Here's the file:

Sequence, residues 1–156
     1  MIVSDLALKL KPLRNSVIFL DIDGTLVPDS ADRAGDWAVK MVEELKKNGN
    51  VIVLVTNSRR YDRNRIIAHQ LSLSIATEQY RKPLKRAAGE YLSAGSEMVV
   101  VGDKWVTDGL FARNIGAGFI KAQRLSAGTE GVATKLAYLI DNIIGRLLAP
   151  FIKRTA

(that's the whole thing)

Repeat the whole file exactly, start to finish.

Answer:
Sequence, residues 1–156
     1  MIVSDLALKL KPLRNSVIFL DIDGTLVPDS ADRAGDWAVK MVEELKKNGN
    51  VIVLVTNSRR YDRNRIIAHQ LSLSIATEQY RKPLKRAAGE YLSAGSEMVV
   101  VGDKWVTDGL FARNIGAGFI KAQRLSAGTE GVATKLAYLI DNIIGRLLAP
   151  FIKRTA